Prerequisites: Lecture Rule-based Programming
Type: Bachelor thesis, Master thesis, Dissertation

Source-to-Source Transformation Engine for Constraint Handling Rules

Die CHR Forschungsgemeinschaft entwickelt häufig Erweiterungen von CHR mit Hilfe von Source-to-Source Transformationen, d.h. neue Features der Sprache werden realisiert, indem eine Implementierung in der CHR Kernsprache angegeben wird.

Computational Psychology

Science is based on the notion of a model that faithfully describes an aspect of the reality around us. Often, these models exist only on paper. The aim of the thesis is to identify a well-defined models in the scientific field of Computational Psychology and to implement them using the high-level language CHR. Such an implementation can than be efficiently executed in CHR, compared with experimental results and subjected to the wealth of CHR analysis techniques.

Computational Psychology combines experimental psychology with computer simulation and mathematical modeling. On the basis of well-defined theoretical concepts, computational approaches can provide a unifying language and methodology across disciplines ranging from neurobiology to cognitive science, systems biology, and information technology.

Cognitive science is the interdisciplinary study of the mind and its processes. It includes research on intelligence and behavior, focusing on how information is represented, processed, and transformed (e.g. in perception, language, memory, reasoning, and emotion). Cognitive science touches multiple research disciplines, including psychology, artificial intelligence, philosophy, neuroscience, linguistics, anthropology, sociology, and education.

Typ: Bachelorarbeit, Masterarbeit

CHR Abstract Machine

Prolog (WAM) and then Java (JVM) popularized the concept of an abstract (or virtual) machine to implement programming languages in a systematic, portable yet efficient way. Such a machine shall be developed for CHR.
This means to define the abstract code instructions for CHR and to implement them.

Typ: Masterarbeit

Vervollständigung von nicht-konfluenten CHR-Programmen

Nicht-konfluente Programme, das heißt Programme die abhängig von der Regelreihenfolge unterschiedliche Ergebnisse liefern können, können in CHR so vervollständigt werden, dass sie konfluent sind. Dieses Vorgehen wird Completion genannt.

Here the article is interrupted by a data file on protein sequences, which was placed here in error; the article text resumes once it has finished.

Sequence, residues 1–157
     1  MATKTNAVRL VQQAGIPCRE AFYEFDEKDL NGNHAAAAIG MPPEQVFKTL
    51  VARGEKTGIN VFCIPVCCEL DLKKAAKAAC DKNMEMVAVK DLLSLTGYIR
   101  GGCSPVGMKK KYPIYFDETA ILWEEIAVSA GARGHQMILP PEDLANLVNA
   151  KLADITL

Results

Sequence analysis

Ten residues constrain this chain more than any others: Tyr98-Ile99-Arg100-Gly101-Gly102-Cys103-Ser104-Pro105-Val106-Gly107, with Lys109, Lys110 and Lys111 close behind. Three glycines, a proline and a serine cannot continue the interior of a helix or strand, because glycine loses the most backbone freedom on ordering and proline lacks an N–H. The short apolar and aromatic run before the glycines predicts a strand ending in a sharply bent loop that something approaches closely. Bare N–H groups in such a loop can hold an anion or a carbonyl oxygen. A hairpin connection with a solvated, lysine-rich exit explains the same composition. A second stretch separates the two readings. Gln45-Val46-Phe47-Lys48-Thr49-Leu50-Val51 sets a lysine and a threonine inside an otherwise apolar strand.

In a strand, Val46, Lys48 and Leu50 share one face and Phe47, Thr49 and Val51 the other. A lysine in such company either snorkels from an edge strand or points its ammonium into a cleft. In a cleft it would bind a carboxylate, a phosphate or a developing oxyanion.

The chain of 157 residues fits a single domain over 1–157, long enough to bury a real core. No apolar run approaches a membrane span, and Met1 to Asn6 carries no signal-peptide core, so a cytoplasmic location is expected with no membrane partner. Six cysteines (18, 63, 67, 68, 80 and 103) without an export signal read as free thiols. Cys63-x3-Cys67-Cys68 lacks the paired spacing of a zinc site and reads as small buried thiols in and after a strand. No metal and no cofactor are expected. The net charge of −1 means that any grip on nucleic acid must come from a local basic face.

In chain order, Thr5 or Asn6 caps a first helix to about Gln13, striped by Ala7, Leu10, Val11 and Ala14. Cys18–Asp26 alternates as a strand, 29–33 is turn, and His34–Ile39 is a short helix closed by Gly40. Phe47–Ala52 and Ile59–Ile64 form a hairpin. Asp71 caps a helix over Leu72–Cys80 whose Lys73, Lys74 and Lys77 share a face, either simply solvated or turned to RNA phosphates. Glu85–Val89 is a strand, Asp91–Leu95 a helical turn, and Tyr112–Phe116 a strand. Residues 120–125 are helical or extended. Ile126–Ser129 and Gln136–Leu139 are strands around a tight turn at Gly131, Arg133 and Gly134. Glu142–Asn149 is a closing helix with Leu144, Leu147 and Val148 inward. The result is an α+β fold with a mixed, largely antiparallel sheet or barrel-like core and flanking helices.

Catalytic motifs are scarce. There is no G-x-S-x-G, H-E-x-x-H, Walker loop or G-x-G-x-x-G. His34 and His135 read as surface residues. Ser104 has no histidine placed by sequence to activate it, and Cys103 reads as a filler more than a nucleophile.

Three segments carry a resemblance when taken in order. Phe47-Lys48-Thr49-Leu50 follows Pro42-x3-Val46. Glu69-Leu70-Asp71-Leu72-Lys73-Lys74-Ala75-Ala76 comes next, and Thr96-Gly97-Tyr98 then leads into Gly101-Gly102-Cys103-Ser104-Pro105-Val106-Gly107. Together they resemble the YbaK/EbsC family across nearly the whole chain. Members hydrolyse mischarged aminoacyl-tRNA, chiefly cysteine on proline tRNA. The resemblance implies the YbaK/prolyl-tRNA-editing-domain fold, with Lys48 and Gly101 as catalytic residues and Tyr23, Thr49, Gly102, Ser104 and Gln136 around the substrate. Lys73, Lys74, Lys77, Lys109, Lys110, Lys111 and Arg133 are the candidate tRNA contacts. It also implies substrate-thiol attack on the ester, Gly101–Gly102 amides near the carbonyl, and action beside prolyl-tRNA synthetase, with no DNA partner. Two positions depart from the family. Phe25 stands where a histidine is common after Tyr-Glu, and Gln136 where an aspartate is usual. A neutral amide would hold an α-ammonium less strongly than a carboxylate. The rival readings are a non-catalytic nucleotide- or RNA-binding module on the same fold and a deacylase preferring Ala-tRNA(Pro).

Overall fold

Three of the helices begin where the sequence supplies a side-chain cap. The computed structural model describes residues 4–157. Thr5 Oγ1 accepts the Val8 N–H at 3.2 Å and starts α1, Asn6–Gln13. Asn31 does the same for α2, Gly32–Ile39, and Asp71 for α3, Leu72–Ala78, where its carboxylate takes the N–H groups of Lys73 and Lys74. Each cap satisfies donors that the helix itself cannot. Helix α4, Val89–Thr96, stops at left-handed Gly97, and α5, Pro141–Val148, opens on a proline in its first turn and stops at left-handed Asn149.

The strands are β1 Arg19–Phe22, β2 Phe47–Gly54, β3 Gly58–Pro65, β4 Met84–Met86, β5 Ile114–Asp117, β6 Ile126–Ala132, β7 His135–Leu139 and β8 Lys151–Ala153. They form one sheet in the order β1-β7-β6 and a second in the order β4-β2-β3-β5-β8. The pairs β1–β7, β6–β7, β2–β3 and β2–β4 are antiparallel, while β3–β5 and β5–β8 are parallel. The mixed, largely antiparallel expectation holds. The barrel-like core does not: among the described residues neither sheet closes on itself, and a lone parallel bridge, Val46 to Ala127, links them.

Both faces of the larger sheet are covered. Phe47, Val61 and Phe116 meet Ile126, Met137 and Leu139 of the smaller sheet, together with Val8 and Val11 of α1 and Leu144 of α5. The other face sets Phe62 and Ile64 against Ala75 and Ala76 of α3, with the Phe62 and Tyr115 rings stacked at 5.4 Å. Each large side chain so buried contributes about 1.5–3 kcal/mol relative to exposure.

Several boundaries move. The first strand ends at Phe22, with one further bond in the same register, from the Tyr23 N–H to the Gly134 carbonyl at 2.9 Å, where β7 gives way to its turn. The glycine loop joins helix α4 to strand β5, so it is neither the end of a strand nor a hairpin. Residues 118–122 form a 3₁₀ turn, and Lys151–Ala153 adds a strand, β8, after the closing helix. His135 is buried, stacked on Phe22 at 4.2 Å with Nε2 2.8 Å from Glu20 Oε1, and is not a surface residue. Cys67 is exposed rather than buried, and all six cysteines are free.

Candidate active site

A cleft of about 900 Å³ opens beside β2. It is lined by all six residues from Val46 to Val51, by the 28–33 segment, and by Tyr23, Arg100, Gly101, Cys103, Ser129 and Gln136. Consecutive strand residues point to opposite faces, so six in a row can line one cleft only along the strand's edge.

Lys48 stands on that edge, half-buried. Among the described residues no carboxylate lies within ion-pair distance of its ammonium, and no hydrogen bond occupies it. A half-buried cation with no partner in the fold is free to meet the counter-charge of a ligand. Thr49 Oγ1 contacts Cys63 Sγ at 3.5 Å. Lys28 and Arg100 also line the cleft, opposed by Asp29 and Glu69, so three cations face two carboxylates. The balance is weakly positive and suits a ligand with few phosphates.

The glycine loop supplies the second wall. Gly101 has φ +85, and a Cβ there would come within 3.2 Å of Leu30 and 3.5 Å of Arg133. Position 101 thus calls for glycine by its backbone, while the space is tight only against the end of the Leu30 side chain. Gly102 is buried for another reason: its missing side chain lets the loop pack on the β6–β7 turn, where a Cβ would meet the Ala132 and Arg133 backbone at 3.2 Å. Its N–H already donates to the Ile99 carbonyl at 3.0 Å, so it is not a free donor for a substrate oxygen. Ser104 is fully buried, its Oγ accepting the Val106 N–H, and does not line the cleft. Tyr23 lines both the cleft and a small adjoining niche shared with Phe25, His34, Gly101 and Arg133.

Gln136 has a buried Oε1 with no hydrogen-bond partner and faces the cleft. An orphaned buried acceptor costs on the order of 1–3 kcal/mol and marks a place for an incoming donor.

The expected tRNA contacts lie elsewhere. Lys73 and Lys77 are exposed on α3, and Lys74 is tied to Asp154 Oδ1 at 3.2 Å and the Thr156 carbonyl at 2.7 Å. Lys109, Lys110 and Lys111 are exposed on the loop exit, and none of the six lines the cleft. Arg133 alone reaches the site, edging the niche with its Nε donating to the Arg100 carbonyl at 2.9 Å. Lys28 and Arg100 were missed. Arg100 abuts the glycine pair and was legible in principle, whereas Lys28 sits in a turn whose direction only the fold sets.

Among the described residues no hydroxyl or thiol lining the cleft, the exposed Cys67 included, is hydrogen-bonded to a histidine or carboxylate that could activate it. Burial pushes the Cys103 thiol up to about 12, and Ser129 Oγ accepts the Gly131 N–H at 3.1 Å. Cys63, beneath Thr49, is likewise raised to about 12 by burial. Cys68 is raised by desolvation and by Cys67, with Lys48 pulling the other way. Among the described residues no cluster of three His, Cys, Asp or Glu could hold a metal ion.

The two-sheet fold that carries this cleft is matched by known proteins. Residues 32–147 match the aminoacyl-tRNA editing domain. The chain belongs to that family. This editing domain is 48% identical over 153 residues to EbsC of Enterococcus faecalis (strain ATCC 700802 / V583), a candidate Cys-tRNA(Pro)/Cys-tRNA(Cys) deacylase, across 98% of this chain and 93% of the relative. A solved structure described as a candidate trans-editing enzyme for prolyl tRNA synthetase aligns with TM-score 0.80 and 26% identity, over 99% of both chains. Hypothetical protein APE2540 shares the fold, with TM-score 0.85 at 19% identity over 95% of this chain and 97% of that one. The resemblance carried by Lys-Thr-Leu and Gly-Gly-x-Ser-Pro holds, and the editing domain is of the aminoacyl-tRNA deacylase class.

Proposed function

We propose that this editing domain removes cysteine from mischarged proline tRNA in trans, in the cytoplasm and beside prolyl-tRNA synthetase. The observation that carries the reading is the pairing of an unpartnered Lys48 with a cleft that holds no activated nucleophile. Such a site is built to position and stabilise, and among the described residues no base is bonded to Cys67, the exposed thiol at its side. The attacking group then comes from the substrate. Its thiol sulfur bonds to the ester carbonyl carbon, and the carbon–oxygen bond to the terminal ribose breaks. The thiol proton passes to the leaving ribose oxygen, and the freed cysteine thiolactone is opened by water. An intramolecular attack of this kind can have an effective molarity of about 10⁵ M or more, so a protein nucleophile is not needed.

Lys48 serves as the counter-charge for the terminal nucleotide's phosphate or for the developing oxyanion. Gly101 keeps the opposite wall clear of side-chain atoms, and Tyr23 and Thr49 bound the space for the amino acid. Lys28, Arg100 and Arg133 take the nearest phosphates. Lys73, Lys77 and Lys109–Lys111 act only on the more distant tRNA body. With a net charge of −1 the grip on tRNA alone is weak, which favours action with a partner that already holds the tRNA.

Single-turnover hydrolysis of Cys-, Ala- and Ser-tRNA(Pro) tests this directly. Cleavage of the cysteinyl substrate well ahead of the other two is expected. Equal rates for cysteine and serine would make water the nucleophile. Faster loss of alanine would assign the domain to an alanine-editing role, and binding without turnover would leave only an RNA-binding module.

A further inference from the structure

Im Rahmen dieser Arbeit soll der bearbeitende Student sich mit CHR und Konfluenz vertraut machen. Es soll ein Programm geschrieben werden, das den Completion-Algorithmus korrekt, nachvollziehbar und erweiterbar implementiert.

Benötigte Vorkenntnisse: Kenntnisse in Prolog und CHR. Besuch der Vorlesungen Constraint-Programmierung und Regelbasierte Programmierung von Vorteil.

Typ: Masterarbeit

Project: Collaborative CHR on the Web – SWISH

SWISH is a web-based application that provides easy access to SWI Prolog for the browser. It is used for teaching Prolog, e.g. in interactive tutorials like “Learn Prolog Now!”. The site is popular and can also be used to share example code and collaboration comparable to Google Docs.

Therefore, SWISH offers a web interface where users can interactively edit source code and execute it. The execution is handled by a server that receives both the source code and the query, executes it and sends the result back to the web interface.

Although Constraint Handling Rules (CHR) is a popular and important extension of SWI Prolog, its support in SWISH is limited. Current approaches to make CHR accessible in the web are either outdated (WebCHR) or use another host-language that Prolog (CHR.js). Therefore, this project aims at improving CHR support in SWISH to make it accessible at one of the most important online resources in the Prolog world.


The goal of this project is to extend the current SWISH implementation by a complete support
of CHR. The following sub-problems have to be

  • Making as many CHR examples executable as possible.
  • The sandbox handling of Prolog and its CHR implementation should be adapted such that all CHR programs can be compiled and executed by SWISH.
  • Tracer should be adapted to support CHR.


  • Lecture „Rule-based Programming“/good knowledge of Prolog and CHR
  • Knowledge of JavaScript is helpful.
  • Willingness to understand the internals of the SWISH implementation and practical aspects of Prolog/CHR programming


Typ: Project